We're hiring!

Now that we’re part of Anaconda, we’re growing the team so that we can do more, faster :-)

Right now we’re looking for a senior engineer with lots of experience in backend stuff, but an interest in working across the full stack from obscure kernel wrangling, custom Linux container-based virtualization, Django and Flask on the mid-tier, up to TypeScript and React on the front end. There’s even a (tiny) bit of Lua thrown in there.

We’re an Extreme Programming team so you’ll be pairing with other team members from day one. All work is remote (bar occasional team meetups), and we can currently hire people based in the UK or in Germany.

There’s more detailed information about the role on the official Anaconda jobs board, and you can also apply there – or you can also drop us a line at jobs@pythonanywhere.com.

Slightly late announcement of latest updates

Updated on 25 August 2022 (US) and 9 August 2022 (EU)!

Here is a slightly delayed (and short) run-down of the new stuff that we deployed recently.

The main addition for this update is a new system image. It’s name is “haggis” and it has Python 3.10! There are also a number of new Python packages installed. See our batteries included page for a full list. There are also many new system libraries installed. You can learn about system images and how to change yours here.

We have also:

  • Updated Jupyter notebooks - updated notebooks are only available when you are running the new “haggis” system image
  • Fixed a number of security issues
  • Fixed various bugs

Our Commitment to Providing Free Accounts

Managing fraud and abuse of free products is a challenge that nearly every SaaS company contends with, but too often the perceived solution is to simply end free accounts. We’ve seen this happen time and again across the open-source ecosystem, most recently from Heroku, and we fear this comes at the detriment of the community.

We believe we’ve found a better way to solve this problem and are therefore committed to maintaining free PythonAnywhere accounts for the foreseeable future. Yes, this does cost us money and we do need to handle fraud and abuse, but over the 10 years we’ve been running we’ve found that the benefits to the community and to the service itself outweigh the costs.

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We are hiring!

As you probably already know, PythonAnywhere is now part of the Anaconda family! As we expected Anaconda’s investment in PythonAnywhere will allow us to expand and improve to better serve our users. So we’re starting to grow our team, and first time since 2014 we’re officially hiring! If you are an experienced frontend developer who wants to get their feet wet with the backend stuff, we might be looking for you.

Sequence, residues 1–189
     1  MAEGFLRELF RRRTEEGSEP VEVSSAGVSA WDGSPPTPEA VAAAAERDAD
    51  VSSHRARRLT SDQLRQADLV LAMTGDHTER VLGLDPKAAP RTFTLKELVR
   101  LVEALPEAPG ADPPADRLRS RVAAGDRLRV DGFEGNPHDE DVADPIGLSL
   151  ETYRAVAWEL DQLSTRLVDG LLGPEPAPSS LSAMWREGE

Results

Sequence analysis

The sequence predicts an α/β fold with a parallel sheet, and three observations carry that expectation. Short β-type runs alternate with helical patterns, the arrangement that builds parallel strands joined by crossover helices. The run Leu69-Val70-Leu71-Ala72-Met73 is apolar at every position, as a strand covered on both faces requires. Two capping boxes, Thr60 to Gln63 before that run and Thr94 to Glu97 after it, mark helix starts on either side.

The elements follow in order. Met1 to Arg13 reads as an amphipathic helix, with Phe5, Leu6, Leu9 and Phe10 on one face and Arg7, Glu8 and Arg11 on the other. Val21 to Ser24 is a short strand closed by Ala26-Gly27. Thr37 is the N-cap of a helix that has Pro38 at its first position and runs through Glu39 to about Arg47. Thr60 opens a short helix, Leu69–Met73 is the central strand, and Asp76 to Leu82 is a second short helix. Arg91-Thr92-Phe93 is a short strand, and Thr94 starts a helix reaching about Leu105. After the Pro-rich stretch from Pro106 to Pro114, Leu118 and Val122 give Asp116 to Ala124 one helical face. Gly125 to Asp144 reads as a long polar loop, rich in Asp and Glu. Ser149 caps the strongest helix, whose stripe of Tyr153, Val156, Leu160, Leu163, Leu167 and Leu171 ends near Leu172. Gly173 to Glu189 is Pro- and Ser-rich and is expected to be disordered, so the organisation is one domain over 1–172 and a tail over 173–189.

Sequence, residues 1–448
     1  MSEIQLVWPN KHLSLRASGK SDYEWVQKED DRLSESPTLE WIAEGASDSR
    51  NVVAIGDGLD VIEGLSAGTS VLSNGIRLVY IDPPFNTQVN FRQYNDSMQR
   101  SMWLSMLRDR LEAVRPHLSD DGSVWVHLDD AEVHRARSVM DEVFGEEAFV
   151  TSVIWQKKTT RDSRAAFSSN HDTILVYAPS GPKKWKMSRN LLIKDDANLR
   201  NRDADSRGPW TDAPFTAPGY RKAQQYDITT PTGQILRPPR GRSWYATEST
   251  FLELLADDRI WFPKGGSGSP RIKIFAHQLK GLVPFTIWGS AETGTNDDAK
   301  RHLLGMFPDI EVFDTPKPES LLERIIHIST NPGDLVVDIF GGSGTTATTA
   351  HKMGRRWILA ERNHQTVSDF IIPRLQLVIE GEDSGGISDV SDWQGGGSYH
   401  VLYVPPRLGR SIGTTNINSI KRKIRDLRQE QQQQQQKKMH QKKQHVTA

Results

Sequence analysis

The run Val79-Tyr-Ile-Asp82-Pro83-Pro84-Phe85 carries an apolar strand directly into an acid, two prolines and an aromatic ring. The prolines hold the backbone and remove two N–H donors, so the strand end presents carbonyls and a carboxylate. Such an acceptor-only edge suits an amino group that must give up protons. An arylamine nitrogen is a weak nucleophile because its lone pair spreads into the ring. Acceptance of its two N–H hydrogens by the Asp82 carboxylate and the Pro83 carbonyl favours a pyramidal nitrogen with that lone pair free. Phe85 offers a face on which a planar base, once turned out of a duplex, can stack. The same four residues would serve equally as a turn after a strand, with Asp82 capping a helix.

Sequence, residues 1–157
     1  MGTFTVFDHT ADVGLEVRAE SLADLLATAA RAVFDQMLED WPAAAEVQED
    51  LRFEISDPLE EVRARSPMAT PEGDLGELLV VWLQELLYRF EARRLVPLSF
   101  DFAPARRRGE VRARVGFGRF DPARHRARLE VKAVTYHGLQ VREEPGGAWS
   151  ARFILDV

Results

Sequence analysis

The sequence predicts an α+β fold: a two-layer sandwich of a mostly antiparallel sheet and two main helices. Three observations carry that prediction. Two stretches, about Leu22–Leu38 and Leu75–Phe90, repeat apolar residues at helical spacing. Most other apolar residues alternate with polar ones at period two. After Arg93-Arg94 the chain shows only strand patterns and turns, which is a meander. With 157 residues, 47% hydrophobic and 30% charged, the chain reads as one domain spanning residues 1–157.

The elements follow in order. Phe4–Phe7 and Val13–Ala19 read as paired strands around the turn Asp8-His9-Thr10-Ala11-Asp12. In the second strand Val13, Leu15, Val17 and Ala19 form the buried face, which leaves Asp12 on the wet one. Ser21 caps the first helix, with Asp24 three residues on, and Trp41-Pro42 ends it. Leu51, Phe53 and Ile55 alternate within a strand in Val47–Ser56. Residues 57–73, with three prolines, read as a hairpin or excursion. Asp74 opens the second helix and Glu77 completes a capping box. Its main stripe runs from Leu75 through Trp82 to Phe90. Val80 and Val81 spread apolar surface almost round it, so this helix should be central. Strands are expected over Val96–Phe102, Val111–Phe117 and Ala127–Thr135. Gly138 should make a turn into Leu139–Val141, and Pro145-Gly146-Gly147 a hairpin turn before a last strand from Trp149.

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Anaconda Acquisition FAQs

In June 2022, Anaconda announced its acquisition of PythonAnywhere. This acquisition expands Python team collaboration in the cloud and adds capabilities designed to unite teams and create access to more robust cloud resources. We’ve compiled the following list of frequently asked questions to aid users in navigating the transition. – Will this affect my PythonAnywhere account? For now, it won’t! There are no plans to change PythonAnywhere user accounts, and you can continue to use yours as usual without interruption.

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File storage security update

Last Wednesday, a security researcher working under our bug bounty program found a way that they could access one account’s file storage from another by using the “Dirty Pipe” Linux kernel vulnerability. We put a mitigation system in place to stop that from happening, and then on Thursday we were able to patch the underlying issue. On Friday, another researcher found a similar issue, which the mitigation system we’d put in place originally made relatively harmless – we were able to patch that one within minutes.

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Accessing the files API using our new CLI tool

The new release of the pythonanywhere helper scripts package introduces new commands covering our files API.

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More secure websites on PythonAnywhere: sunsetting TLS 1.0 and 1.1

As of this week, websites hosted on PythonAnywhere using HTTPS will only be accessible using modern versions of TLS (the encryption protocol on which HTTPS is based) by default. This will make them all more secure.

We can still support older versions of TLS for custom domains if you need to support them, but you’ll need to get in touch with us to get it set up.

We’ve written a help page with the background – please let us know in the comments if there’s anything confusing there!

Understanding multiple web workers and multiple users of your website

Over the years, we’ve found that one regular source of confusion for people who are just getting started with web development is how to handle what we call “global state”. We’ve written a help page explaining how to solve problems like this and wanted to expand on it here.

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Our October system update

On 6 October we upgraded our EU-based systems to the latest version of our platform, and today, 20 October, we did the same upgrade on our US-based system. There are a bunch of changes to report!

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